With the historic Paris Agreement having recently entered into force, this year’s Climate Change Performance Index (CCPI) 2017, by Germanwatch and published in November 2016, confirms a boost for renewable energy and positive developments in energy efficiency.
While these encouraging trends are happening on a global scale, the necessary energy revolution is still happening too slowly. On the policy-side, the CCPI still tracks a lack of ambition in many countries but some are catching up this year.
The CCPI evaluates and compares the climate protection performance of 58 countries that are together responsible for more than 90 per cent of global energy-related CO2 emissions.
Positive trends in climate politics
Morocco (rank 8), this year's host of COP22, continued its upward trend in the CCPI 2017. With
massive investments in renewable energy and ambitious mid- and long-term targets, Morocco is a
frontrunner in Africa.
Positive trends are seen as well among emerging economies of the G20 like India (rank 20), Argentina (rank 36) and Brazil (40) which all improved their ranking in the CCPI 2017.
However, there is still no big emitter acting in line with the 1.5-2°C limit, therefore the first three ranks are left empty. France on rank 4 is leading the table for the first time, profiting from the exceptional diplomacy enabling the Paris Agreement last year. Sweden (5) and the United Kingdom (6) both benefit from promising climate policies established by former governments.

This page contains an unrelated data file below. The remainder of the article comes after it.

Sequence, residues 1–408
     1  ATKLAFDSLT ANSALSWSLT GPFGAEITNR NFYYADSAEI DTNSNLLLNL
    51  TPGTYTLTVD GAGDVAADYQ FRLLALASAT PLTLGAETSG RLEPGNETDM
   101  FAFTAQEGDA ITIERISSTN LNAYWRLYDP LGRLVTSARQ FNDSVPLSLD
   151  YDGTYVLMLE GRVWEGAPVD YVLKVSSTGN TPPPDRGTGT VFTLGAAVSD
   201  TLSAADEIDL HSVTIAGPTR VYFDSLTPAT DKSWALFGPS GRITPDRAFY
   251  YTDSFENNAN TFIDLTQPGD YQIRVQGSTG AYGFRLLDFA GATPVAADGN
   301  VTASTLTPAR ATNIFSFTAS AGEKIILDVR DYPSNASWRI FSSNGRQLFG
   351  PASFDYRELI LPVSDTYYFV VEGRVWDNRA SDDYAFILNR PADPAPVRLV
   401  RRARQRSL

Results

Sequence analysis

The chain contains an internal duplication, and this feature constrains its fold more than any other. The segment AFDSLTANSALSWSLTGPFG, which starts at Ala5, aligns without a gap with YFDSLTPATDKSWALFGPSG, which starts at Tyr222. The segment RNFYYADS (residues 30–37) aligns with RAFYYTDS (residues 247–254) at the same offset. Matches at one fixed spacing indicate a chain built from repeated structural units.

Emerging economies catch up in renewable energy development
According to the authors, this year’s CCPI confirms that many EU countries, including the UK, Sweden, Denmark and Germany risk losing their leading role in renewable energy development. Several EU Member States have cut back on investments in renewable energy and energy efficiency, questioned agreed long-term mitigation targets or failed to set the necessary policy framework to deliver on their short-term goals.
Denmark, the index leader of the last four years, is already experiencing the consequences of its turn-around in climate policy with a dramatic drop in the ranking to place 13 this year. Emerging economies are catching up in the progress of transitioning their energy systems and EU countries have to raise ambition if they want to uphold leading positions.
Poor performance of the world’s two largest emitters USA and China
Canada (55), Australia (57) and Japan (60) are in the bottom group (rated "very poor") of the
index. Japan once again dropped two places as national experts criticize their government for a very poor climate policy. Australia dropped in energy efficiency and is criticized for the unambitious climate policies of the national government.
The performance of the world’s two largest emitters, USA (43) and China (48), is still rated "poor" in the CCPI. The United States lost some ground in almost every Index category and as a result dropped several places. The election results in the USA might pose risks to the speed of the ongoing transition. The election of Donald Trump as president has, however, not yet had any influence on the policy evaluation presented in CCPI 2017.
Despite China being rated “poor”, positive developments are seen thanks to shrinking consumption of coal globally, which resulted in China stopping the construction of 30 coal- fired power plants the last year.